• Grace of Intention: Photography, Architecture, and the Monument
    Geert Goiris, Iman Issa, Florian Joye, Jan Kampenears, Nadav Kander, Basim Magdy, Nicolas Moulin, and Ana Vaz
    Karen Irvine
    Museum of Contemporary Photography, Chicago
    Oct 15, 2015 to Dec 23, 2015
    Columbia College Chicago-Museum of Contemporary Photography

Florian Joy, Bawadi, 2006. Courtesy of the MoCP.

The idea of the monument as enduring evidence—an object or a structure created to commemorate an event, person, or era—is fundamental to both architecture and photography. Grace of Intention: Photography, Architecture, and the Monument is a group exhibition with work by eight international artists that explores the links between architecture and photography through the lens of the monument. The selected artists' works focus on a range of ideas, including actual monuments, permanence and impermanence, architecture and its relationship to memory, symbolism, and the idea of the future monument.

Geert Goiris lives and works in Antwerp, Belgium. His work has been exhibited widely and is included within the collection of the Centre National des Arts Plastiques; the FRAC Reunion; the Fotomuseum, Antwerp; the Seattle Arts Museum; and the Williams College Museum of Art, among other public and private collections.

Iman Issa is an artist based in Cairo and New York. Recent group and solo exhibitions include the Eighth Berlin Biennial; MuHKA, Antwerp; Tensta Konsthall, Spånga; the New Museum and the SculptureCenter, New York; the KW Institute of Contemporary Art, Berlin; and the Contemporary Image Collective in Cairo. Issa is the author of Thirty-Three Stories about Reasonable Characters in Familiar Places (SculptureCenter, 2011); has won several awards, including the HNF-MACBA Award (2012) and the Abraaj Group Art Prize (2013); and teaches at the Cooper Union’s School of Art.

Florian Joye studied art and design, visual communication, and photography at the University of Lausanne and the Ecole Cantonale d'art de Lausanne. His work has been exhibited internationally, including at the Pompidou Centre, Paris, and fairs such as IMAGE 08 and GD4art. He is the recipient of a National Design Award (2007) from the United Arab Emirates.

Jan Kampenears lives in Antwerp, Belgium, and works in Ghent, Belgium. He studied photography at the Royal Academy of Fine Arts in Ghent and the Jan Van Eyck Academy in Maastricht, Netherlands. His work has been widely included in international exhibitions and is the subject of several monographs.

Nadav Kander is a London-based photographer, artist, and director, known for his portraiture and landscapes. Kander has produced a number of books; has had his work exhibited widely; has been awarded the Terence Donovan Award from the Royal Photographic Society; has won the Prix Pictet and a World Press Photo Award; and his work is included in the collections of the National Portrait Gallery; the Société Générale, Paris; and Pictet & Cie's Art Collection, among other museums and galleries.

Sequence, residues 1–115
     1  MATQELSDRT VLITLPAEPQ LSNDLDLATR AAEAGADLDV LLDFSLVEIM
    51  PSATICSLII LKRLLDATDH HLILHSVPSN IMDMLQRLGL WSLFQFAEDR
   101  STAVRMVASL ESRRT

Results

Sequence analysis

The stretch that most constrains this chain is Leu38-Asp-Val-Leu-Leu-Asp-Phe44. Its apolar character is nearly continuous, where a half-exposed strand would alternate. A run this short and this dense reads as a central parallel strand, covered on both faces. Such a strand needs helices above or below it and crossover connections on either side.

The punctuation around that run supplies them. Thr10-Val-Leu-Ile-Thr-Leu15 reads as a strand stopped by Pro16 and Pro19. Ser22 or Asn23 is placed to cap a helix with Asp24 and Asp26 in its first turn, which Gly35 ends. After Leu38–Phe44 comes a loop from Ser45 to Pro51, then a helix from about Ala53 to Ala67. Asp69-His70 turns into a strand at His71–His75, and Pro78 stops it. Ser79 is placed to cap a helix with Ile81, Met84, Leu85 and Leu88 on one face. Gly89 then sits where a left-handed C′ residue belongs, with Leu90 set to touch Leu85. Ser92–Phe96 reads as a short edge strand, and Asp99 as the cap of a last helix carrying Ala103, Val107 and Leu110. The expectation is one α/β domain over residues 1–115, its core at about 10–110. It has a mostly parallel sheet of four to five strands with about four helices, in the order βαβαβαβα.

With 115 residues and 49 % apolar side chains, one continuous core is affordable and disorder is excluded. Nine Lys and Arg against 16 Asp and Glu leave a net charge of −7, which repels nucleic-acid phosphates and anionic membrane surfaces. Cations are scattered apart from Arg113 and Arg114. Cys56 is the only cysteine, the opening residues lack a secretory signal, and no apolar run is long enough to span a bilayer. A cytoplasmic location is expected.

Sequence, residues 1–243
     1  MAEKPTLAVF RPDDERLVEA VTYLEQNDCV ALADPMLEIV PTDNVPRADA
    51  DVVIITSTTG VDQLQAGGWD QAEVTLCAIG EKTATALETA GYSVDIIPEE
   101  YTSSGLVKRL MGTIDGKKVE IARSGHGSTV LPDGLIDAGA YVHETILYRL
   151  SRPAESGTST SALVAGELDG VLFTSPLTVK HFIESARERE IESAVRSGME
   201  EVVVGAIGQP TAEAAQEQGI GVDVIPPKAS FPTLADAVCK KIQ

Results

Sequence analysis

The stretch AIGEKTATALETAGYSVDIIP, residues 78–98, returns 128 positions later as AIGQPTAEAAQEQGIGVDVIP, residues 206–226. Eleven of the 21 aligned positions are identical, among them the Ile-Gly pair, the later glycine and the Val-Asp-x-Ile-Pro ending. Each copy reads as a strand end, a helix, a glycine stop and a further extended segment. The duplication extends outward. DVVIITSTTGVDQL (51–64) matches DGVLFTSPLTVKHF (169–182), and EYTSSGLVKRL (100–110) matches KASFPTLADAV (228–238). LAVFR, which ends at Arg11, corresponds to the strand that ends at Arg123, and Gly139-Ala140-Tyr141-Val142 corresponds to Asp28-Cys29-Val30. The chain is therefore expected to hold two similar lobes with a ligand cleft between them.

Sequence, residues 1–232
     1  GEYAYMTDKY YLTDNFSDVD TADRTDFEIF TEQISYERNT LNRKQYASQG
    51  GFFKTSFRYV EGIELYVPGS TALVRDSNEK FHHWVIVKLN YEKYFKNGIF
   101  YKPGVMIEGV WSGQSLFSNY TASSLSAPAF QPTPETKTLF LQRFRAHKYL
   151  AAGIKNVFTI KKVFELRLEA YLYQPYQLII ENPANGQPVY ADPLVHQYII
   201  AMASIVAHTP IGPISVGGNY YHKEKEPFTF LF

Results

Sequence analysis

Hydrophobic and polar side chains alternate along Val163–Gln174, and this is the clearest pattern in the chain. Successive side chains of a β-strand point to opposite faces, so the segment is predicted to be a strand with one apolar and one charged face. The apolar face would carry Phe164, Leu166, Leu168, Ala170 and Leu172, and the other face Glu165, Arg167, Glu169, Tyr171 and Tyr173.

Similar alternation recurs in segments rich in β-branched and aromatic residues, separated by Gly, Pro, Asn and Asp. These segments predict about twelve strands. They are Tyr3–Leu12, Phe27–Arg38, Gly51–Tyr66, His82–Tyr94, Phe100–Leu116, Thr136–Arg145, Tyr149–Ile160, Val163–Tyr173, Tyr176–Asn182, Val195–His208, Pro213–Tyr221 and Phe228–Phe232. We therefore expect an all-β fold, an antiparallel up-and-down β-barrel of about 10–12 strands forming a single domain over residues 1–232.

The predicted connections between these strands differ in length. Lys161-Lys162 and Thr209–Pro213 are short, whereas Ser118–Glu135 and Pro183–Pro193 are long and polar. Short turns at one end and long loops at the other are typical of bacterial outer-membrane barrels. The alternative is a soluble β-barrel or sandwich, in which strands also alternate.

Basim Magdy is a Cairo and Basel-based artist whose work has been shown internationally at La Biennale de Montréal, the Musée d'art contemporain (MAC), and the third New Museum Triennial. Magdy is the recipient of the 2014 New:Vision Award from the Copenhagen International Documentary Film Festival, among other awards.

Nicolas Moulin studied at the Ecole Nationale Supérieure d'Arts de Cergy Pontoise in the early 1990s. His work has been exhibited internationally in solo and group exhibitions and is the subject of the monograph Viderparis.

Ana Vaz studied at the Royal Melbourne Institute of Technology and Le Fresnoy–Studio National. Her films have been shown at a number of international film festivals, including the New York Film Festival and the Biennial of the Moving Image in Buenos Aires, as well as in solo and group shows at FRAC/Le Plateau (Paris) and the Museum of the Republic (Brazil), among others.

The Museum of Contemporary Photography (MoCP) was founded by Columbia College Chicago in 1976 as the successor to the non-collecting Chicago Center for Contemporary Photography. Accredited by the American Alliance of Museums, the MoCP is a stimulating and innovative forum for the collection, creation, and examination of lens-based art and an expanded vocabulary of digital processes. The Museum's mission promotes a greater understanding and appreciation of the artistic, cultural, and political implications of the image in our world today. One of only three accredited photography museums in the country, the Museum serves the Chicago metropolitan region with 4-6 exhibitions each year; a rich array of accompanying educational programs, including lectures, artist talks, public tours, and print viewings; approximately two annual publications; sustained community engagement through three afterschool mentorships with the Chicago Public Schools; and a growing collection of more than 13,000 objects by over 1,700 artists with strength in American and emerging artists' works, as well as an increasing number of works by international photographers.